Definition of windbag in English:

windbag

noun

derogatory, informal
  • A person who talks at length but says little of any value.

    ‘I think he's a pompous old windbag’
    • ‘They can range from I-work-with-bricks-and-steel-and-you-don't macho he-men on one end of the spectrum to the pompous, condescending windbags affecting Wrightian capes and walking sticks on the other.’
    • ‘It is a document that some of our meat-headed media windbags would be well advised to read - even if they have to move their lips while they're doing it.’
    • ‘I can think of no one in the whole world who could play a scheming windbag of a womaniser better than him!’
    • ‘As is usually the case with Washington windbags, these claims are hyperbolic.’
    • ‘I trust they also will eventually tire of blow-hard windbags - whether the wind is blowing from the left or the right.’
    • ‘It died because the Democrats and their media groupies overplayed their hand, as usual, and so turned a real scandal into just another fake scandal for senatorial windbags to huff and puff over.’
    • ‘But the meeting continued way beyond its allotted time frame, mainly due to the fact that the pompous windbags who called the meeting in the first place couldn't stick to an agenda if their mothers' lives depended on it.’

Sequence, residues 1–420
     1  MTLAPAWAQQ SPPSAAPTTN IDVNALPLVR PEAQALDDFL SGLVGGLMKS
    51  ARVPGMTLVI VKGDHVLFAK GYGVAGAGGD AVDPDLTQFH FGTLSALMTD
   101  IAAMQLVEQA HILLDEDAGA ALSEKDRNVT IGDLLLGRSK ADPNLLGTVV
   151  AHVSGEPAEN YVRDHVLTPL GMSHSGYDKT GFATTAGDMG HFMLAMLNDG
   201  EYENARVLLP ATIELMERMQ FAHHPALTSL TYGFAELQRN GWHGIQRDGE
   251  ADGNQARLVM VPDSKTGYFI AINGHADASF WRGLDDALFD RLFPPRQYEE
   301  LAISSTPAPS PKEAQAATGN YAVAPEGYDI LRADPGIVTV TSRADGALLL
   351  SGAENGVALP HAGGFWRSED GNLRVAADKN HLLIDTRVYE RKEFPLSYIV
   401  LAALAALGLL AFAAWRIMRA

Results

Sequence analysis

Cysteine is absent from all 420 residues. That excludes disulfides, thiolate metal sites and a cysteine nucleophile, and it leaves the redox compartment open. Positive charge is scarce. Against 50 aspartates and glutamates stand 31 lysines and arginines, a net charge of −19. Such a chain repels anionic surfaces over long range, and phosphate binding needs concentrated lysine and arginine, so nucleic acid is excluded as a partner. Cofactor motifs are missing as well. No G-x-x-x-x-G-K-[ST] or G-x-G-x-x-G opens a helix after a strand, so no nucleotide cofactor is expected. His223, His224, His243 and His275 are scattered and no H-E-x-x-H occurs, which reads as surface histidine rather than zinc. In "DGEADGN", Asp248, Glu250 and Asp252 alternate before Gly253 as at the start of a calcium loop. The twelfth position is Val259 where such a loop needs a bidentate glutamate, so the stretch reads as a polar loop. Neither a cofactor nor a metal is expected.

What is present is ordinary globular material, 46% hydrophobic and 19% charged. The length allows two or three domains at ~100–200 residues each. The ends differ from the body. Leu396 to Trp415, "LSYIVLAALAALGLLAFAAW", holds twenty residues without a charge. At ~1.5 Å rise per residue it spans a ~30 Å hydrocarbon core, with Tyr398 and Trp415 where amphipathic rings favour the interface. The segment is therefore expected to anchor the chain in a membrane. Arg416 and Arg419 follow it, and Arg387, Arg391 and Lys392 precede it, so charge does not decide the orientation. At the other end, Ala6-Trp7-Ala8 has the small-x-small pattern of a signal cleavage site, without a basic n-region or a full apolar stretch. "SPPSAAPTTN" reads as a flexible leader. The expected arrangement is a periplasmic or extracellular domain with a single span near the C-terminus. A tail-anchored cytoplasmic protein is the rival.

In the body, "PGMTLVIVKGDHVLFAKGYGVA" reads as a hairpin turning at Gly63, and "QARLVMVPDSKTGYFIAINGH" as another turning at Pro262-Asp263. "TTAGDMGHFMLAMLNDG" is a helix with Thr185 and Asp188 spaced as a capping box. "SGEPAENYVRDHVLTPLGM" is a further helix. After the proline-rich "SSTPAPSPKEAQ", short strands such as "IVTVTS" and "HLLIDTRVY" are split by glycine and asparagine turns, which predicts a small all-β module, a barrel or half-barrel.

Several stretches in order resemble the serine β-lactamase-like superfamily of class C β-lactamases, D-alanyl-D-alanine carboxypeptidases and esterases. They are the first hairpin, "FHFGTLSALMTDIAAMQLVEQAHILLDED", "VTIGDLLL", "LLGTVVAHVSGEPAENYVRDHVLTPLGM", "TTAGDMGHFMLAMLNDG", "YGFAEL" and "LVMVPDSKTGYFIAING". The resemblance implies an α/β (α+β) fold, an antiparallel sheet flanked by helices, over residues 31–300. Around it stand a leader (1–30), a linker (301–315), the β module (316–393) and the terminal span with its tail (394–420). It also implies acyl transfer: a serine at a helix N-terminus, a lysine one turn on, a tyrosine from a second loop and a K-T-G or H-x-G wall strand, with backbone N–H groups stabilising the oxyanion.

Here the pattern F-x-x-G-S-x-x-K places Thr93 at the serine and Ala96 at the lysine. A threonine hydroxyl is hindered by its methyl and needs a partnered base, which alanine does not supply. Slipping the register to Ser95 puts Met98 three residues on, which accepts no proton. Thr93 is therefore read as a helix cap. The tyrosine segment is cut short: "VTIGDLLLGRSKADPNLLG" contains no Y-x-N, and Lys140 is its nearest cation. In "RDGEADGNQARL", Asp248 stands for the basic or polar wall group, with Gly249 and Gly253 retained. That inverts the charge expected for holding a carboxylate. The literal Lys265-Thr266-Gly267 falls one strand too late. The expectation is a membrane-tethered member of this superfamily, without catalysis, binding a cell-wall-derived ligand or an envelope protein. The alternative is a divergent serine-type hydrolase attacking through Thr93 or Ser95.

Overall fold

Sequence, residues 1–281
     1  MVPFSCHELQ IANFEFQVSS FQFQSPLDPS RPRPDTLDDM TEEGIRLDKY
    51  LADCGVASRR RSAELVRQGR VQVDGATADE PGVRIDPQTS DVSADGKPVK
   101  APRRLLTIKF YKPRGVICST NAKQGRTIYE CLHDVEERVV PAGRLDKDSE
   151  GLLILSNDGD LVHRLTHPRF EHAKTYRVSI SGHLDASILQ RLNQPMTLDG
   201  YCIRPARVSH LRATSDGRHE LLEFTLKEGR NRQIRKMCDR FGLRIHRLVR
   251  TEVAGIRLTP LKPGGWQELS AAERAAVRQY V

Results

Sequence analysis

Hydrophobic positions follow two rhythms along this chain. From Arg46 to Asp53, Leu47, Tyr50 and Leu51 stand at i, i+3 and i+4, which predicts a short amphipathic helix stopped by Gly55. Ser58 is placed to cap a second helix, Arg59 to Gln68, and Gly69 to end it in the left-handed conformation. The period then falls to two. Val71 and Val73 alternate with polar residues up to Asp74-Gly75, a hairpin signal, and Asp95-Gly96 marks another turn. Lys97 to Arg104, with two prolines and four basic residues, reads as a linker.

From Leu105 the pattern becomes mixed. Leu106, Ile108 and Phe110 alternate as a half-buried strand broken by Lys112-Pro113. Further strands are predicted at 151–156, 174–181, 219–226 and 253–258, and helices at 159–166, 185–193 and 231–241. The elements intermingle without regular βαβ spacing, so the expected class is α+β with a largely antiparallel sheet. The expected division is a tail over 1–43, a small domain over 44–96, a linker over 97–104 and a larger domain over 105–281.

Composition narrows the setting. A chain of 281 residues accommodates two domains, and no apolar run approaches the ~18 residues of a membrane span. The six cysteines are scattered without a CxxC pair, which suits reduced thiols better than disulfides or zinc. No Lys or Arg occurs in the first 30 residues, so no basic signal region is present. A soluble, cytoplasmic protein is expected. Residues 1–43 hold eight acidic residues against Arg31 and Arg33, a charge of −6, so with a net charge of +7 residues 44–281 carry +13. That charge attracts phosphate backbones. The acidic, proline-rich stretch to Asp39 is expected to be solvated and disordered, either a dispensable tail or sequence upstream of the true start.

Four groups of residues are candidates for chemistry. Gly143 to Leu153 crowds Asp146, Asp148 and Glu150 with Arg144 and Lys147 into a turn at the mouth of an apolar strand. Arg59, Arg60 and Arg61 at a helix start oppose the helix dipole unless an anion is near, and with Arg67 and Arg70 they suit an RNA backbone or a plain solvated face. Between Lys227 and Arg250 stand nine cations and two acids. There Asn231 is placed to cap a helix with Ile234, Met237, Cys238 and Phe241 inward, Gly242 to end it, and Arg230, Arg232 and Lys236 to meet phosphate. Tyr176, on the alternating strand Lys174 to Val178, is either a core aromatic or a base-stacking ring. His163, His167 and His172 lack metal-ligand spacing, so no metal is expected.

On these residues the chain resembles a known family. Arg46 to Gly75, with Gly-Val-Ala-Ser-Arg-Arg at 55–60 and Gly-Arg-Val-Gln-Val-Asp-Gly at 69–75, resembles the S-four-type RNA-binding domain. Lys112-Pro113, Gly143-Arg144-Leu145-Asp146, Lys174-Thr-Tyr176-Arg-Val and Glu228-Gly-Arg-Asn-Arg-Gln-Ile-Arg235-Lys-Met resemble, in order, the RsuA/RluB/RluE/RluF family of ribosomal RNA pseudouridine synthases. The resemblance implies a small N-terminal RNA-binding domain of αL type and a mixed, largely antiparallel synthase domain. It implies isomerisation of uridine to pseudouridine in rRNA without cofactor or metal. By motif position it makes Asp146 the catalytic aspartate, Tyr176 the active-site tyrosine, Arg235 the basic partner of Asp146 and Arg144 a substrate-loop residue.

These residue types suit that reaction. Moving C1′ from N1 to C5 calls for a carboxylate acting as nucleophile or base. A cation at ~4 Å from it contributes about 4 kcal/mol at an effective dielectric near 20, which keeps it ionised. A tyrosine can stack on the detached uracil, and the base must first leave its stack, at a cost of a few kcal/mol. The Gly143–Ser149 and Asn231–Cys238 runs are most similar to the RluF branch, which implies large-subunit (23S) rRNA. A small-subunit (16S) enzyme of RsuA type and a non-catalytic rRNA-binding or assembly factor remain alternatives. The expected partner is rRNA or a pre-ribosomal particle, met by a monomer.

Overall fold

• ‘Ok, so I'm really nothing like him but if I was to be reincarnated as a pompous windbag that'd be the type I'd like to be.’
    • ‘‘He's a pumped-up windbag who should be denied the oxygen of publicity,’ she says.’
    • ‘‘What an old windbag,’ Saba sneered at King Mondo.’
    • ‘The windbags of ‘the international community’ huffily insisted that he did.’
    • ‘One wonders why this paragon of windbags campaigned so passionately for the republican cause in a country he hadn't lived in for over thirty years.’
    • ‘It's because, on balance, I think he's a pompous windbag.’
    • ‘Especially when the convention itself will be nothing but a bunch of boring windbags telling lie after lie.’
    • ‘Most had been disagreeable, pompous windbags at best.’
    • ‘The indictment against Adams, as I read it, is that he's a fat, pompous old windbag who assumes that anyone with an opposing viewpoint is a fool or a knave.’
    • ‘‘The boy looks like a pompous windbag,’ Vandy interjected.’
    • ‘Making fun of political windbags is a tried and true method of reducing their influence and puncturing their ridiculous high opinion of themselves.’
    • ‘And if you think I'm using big words, you should have heard these ivory tower windbags.’
    • ‘I met some very nice and clever people, and deflated a couple of well-filled windbags.’
    boaster, brag, bragger, show-off, blusterer, trumpeter, swaggerer, poser, poseur, poseuse, peacock, egotist, self-publicist
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Pronunciation

windbag

/ˈwɪn(d)baɡ/